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Television, Historicity, Theory--SCMS Panel, Montreal 2015
full name / name of organization:
Society for Cinema and Media Studies Conference March, 2015 Montreal
Recent publications, such as Amy Villarejo’s _Ethereal Queer: Television, Historicity, Desire_ (Duke, 2014) and Jason Mittell’s _Complex Television: The Poetics of Contemporary Television Storytelling_ (MediaCommons Press, 2012-13), among others, herald a paradigm shift in television theory and historiography, one that deepens and expands the current critical language of TV studies. This panel seeks to pursue this shift in critical and theoretical approaches to television studies, inviting papers that situate television in broader questions of narrativity, historicity, critical theory, and continental philosophy. Papers that bring television studies into dialogue with any number of theoretical concerns are encouraged; a broad range of topics might include, but are not limited to:
· Historical materialism; new historical approaches to TV
· Narratological investigation; applications of narrative theory
· Philosophical engagements with TV studies, including questions of technics, temporality, spatiality, materiality, etc.
· New approaches to “representation” and its particular problematics (i.e., the critical exhaustion of realism paradigm and stereotype analysis)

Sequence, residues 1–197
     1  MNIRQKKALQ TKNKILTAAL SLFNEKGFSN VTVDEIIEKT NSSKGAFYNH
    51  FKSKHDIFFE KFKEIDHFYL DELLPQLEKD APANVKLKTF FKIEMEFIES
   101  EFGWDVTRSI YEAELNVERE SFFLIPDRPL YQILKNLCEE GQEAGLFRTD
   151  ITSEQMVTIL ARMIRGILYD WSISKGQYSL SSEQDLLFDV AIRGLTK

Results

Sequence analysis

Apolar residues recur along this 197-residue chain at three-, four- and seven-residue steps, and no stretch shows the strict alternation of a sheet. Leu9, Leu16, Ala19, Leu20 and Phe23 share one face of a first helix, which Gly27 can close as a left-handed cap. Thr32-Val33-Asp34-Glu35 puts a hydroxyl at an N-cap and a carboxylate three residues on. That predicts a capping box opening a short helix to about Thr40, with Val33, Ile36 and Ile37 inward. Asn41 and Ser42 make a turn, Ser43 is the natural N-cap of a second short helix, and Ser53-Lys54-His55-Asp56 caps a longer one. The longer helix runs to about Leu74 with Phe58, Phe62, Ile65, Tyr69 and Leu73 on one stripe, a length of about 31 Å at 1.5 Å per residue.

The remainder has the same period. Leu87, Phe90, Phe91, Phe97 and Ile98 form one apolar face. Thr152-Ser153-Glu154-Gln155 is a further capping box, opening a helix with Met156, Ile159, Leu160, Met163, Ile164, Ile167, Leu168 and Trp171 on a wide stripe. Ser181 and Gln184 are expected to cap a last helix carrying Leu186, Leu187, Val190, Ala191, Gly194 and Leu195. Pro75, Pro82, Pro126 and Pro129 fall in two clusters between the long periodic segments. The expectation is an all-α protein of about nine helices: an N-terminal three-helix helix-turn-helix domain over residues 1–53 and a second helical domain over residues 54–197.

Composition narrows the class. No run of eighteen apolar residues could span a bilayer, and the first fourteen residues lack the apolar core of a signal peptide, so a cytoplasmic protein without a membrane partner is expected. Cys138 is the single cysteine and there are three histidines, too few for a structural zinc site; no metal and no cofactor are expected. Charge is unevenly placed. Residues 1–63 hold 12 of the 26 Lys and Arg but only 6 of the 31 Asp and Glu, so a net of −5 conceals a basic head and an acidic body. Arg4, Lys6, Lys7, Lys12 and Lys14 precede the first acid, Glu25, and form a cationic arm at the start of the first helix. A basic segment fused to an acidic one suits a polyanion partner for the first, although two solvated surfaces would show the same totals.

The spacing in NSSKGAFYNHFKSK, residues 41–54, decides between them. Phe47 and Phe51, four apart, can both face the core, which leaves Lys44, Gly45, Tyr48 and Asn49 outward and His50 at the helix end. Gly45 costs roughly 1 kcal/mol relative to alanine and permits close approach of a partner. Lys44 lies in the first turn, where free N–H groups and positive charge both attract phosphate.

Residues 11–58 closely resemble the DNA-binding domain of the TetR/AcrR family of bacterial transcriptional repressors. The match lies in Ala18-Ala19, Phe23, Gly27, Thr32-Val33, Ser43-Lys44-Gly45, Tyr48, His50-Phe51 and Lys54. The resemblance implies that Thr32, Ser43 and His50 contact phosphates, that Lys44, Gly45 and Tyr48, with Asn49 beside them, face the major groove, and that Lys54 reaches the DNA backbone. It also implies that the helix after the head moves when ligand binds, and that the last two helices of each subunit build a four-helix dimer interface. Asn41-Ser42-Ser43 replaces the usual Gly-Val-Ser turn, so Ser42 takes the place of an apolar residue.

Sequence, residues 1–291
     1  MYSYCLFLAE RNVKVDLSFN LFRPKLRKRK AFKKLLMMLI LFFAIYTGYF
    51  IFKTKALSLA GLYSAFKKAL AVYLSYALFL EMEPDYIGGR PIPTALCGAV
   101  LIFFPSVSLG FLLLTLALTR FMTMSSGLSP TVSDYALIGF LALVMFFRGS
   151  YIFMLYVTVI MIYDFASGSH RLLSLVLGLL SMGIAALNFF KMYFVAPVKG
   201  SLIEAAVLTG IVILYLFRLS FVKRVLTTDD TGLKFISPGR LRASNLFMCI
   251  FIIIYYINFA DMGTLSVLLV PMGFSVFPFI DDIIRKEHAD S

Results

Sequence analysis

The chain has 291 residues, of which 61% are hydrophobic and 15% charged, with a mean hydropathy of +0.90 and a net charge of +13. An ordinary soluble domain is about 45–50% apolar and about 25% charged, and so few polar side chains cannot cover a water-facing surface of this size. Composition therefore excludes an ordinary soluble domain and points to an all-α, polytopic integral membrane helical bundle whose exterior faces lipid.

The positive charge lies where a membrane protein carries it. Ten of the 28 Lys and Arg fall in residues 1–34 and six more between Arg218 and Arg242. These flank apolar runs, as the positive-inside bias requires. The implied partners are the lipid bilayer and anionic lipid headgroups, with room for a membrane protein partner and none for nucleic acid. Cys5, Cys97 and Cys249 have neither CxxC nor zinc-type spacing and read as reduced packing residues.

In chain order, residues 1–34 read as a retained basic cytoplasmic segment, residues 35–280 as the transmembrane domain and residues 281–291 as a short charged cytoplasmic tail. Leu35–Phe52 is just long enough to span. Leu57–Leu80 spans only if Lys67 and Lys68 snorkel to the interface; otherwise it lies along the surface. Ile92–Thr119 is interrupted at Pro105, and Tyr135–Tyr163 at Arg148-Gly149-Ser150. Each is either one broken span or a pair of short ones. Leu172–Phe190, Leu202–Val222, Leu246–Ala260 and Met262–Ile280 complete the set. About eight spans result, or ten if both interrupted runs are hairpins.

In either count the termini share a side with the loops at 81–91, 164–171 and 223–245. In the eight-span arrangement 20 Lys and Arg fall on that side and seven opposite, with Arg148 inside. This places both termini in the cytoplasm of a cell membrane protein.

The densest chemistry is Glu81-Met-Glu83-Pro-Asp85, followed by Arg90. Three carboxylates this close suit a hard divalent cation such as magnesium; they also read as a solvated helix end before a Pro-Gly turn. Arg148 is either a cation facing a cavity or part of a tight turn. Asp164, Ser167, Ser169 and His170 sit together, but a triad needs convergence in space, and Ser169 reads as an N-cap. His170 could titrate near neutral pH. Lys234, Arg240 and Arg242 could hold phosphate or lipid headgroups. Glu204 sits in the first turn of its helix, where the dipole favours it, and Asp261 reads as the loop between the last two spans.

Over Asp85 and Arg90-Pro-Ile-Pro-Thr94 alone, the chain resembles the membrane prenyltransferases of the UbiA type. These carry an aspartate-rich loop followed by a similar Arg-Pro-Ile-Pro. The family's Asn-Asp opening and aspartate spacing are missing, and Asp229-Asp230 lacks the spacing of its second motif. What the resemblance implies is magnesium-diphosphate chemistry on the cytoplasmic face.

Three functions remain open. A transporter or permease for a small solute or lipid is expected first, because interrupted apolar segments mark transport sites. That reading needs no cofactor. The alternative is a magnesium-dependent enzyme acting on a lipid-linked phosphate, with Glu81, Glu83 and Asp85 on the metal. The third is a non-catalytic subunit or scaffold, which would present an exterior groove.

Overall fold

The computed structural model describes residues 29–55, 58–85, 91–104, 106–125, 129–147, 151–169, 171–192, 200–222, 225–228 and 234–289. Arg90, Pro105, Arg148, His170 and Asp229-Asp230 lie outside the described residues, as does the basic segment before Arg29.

· Reassessments of mass culture criticism (Stuart Hall, John Caughie, Fredric Jameson, Theodor Adorno, Raymond Williams, Herman Gray, Patricia Mellencamp, John Fiske, Jane Feuer, et al.)
For this panel, I am especially interested in papers that, following Villarejo, recognize television “as one of the—if not the most—gendered and sexualized [and, I would add, racialized] apparatuses of modern technoscience, …deserving of deeper analyses of its specific function as a technology of sexual [gendered, racialized] becoming … beyond the terms of recognition and identification most often used to describe relationships between spectators and particular programs” (Ethereal Queer 7; 2014). Therefore, critical and theoretical engagements with issues/histories of television and racial formations, sexual genealogies, and gendered constructions (e.g., discussions of queer time, gendered affect, queer of color critique) are particular welcome.
Please send an abstract (max 2500 char), author bio (max 500 char), and 3-5 bibliographical references to Terri Geller at email@example.com by August 5, 2014. Inquiries and questions about your topic prior to sending your draft proposal are welcome. You will be notified of acceptance by August 10th.